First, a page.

I’m a big fan of homemade bread. There’s something really magical about the process of rising, bashing and baking and nothing beats the smell of a freshly baked loaf wafting around the house! Smells great and tastes even better….
We started making our own rye sourdough a couple of years ago, when we chose to cut back on the amount of wheat in our diets. We felt so good for it and it tasted amazing…there really was no turning back! We now make two loaves every week using the same ‘starter’ that we created all those years ago.
A sourdough ‘starter’ is a natural alternative to modern mass-produced yeast, made by simply mixing flour and water which is left uncovered to ‘capture’ the wild and totally natural yeast spores in the air. It’s an ancient method of creating a rising agent for ‘leavening’ bread which goes back thousands of years.
In the long, slow fermentation that produces the starter, important nutrients like iron, zinc and magnesium, antioxidants, folic acid and other B vitamins become easier to absorb. Slow fermentation also reduces gluten, which makes the bread easier to digest and it produces a lower surge in blood sugar than any other type of bread.
So, less bloating, more energy, tastier, more bio-available nutrients, healthier…it really is fantastic stuff! A starter can be made with any type of flour, but we love the tangy taste and added health benefits of using organic rye flour. When you’re ready to bake, here’s the recipe for our tasty rye sourdough bread. Until then, good luck getting started with your starter!
Rye Sourdough 'Starter'
- Day 1:
- 40g organic rye flour
- 60g cold filtered water
- Day 2:
- 80g organic rye flour
- 120g cold filtered water
- Day 3:
- 160g organic rye flour
- 240g cold filtered water
Creating your starter
- Days 1-3: On day 1 simply mix the flour and water together in a clean glass jar (I use a 1ltr Kilner jar, available here) and leave to stand uncovered on the kitchen work surface. On day 2 add the flour and water, gently combine and leave to stand. On day 3 add the remaining flour and water and again, leave to stand.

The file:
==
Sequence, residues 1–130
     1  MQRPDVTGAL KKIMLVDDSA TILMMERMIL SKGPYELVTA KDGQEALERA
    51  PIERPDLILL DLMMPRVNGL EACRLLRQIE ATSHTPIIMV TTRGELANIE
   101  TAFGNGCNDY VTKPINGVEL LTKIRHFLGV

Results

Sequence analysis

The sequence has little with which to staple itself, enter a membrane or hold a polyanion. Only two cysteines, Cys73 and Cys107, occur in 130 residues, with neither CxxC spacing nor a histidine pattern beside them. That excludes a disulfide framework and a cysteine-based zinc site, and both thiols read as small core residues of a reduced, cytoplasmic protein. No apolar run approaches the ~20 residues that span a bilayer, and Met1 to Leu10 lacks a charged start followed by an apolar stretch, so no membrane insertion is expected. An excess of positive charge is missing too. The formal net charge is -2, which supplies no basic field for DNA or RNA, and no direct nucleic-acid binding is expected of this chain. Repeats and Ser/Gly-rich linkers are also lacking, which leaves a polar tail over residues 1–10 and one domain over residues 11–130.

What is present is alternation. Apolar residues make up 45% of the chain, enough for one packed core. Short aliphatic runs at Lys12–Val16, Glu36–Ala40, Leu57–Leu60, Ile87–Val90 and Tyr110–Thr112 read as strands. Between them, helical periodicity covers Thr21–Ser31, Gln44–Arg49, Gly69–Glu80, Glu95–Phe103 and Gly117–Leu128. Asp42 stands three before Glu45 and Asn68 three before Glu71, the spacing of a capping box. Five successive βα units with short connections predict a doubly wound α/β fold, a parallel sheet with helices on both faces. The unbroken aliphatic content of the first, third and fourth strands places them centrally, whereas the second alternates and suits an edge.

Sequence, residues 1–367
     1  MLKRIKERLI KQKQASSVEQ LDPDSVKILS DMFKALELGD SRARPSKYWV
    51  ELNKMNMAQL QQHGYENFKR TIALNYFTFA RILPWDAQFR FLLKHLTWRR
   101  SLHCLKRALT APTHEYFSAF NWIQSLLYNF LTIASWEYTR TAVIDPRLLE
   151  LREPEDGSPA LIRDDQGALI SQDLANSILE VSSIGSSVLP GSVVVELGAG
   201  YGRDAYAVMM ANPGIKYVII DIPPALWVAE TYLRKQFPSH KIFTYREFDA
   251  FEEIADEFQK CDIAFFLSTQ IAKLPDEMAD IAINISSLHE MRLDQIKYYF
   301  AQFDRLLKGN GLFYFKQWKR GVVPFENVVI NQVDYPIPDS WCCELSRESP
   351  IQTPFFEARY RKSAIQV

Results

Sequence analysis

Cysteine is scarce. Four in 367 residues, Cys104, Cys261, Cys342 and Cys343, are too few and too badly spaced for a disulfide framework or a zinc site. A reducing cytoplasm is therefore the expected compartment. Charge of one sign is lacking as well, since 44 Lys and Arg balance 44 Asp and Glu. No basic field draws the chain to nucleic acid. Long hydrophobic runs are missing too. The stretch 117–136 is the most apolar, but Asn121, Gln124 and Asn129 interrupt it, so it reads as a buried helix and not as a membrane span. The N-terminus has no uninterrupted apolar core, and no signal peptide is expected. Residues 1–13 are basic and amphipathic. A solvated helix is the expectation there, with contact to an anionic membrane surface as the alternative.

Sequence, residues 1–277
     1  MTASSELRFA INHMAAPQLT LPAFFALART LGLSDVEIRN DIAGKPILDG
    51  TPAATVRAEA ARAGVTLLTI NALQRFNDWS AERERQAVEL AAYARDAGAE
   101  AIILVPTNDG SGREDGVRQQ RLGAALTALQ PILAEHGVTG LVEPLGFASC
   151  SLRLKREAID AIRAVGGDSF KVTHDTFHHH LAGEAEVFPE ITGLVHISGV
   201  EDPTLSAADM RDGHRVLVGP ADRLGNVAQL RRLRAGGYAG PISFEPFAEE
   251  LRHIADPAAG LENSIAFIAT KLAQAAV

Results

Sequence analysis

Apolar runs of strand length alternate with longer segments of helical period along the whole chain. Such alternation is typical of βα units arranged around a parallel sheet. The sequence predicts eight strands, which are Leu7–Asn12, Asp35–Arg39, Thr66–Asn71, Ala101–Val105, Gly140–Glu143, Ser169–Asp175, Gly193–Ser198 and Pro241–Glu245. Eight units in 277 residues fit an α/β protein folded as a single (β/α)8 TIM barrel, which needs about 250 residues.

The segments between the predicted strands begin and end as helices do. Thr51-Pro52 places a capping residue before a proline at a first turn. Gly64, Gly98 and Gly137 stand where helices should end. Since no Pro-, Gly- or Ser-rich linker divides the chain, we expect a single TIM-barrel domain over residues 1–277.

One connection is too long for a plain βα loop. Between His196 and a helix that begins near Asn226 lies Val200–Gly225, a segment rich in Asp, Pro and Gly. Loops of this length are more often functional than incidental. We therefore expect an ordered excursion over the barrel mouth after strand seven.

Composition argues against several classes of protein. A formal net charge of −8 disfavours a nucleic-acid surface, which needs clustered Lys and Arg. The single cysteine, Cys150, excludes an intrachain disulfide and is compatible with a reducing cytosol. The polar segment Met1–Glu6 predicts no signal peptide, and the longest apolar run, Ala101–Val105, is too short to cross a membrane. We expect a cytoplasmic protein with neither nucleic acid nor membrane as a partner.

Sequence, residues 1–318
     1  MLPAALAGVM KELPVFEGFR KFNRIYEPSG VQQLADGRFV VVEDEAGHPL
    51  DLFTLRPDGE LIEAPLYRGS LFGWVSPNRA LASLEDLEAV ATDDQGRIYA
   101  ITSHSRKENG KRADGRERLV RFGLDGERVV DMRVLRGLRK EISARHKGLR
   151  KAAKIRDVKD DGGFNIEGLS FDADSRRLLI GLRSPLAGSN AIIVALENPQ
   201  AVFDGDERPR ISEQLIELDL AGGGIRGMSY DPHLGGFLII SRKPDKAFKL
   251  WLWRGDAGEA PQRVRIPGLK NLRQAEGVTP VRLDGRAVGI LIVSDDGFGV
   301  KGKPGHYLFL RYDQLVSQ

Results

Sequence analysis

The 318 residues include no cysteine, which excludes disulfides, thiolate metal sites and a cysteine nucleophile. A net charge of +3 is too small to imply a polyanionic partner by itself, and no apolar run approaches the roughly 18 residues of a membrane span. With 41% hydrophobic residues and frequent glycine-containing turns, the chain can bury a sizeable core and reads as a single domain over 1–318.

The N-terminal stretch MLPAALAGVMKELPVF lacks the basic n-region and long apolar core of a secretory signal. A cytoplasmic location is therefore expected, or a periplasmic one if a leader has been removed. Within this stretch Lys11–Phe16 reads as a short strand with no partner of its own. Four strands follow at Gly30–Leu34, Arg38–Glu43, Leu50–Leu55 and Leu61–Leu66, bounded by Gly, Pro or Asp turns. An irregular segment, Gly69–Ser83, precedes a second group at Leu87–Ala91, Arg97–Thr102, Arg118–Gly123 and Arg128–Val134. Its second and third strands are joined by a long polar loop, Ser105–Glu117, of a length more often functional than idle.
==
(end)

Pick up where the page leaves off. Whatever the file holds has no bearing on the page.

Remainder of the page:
- Day 4: I never like this next bit, but it’s necessary to maintain a ‘lively’ and active starter! You now need to discard most of the mixture keeping only 100g. Then you begin all over again, repeating the steps in days 1-3, but now you have the extra 100g as a base.
- Repeat this cycle of adding to the mixture over a few days, then reducing to 100g, then adding to it again, then reducing to 100g and so on and so forth…..for around 2-3 weeks. By this stage you’ll notice lots of bubbles forming in the mixture, which means it’s now ‘active’. Woohoo!
Maintaining your starter
Once your starter is active, it’s strong enough to be used in baking. Continue feeding your starter as above, but you can now keep a lid on the jar between ‘feedings’. If you decide not to bake at the day 4 stage, you can spread the ‘sourdough love’ by giving 100g away to family and friends instead of throwing it away. Then they can make their own little rye sourdough starters and so the cycle continues……
You’ll find that sourdough lovers talk about their starters as if they were pets and I have to admit to being very fond of our jar of the ‘bubbly stuff’! It does need caring for, it can be temperamental and it will need ‘feeding’ every day if you’re a regular baker. However, it can also be ‘put to sleep’ if you’re away on holiday or just want to take a break. Simply place it in the fridge at day 3 stage (ie: approx 800g in the jar) and leave it until you’re ready to ‘reactivate’ and get started again!
Best of luck getting started with your starter!
Recipe by Homegrown Kate www.homegrownkate.com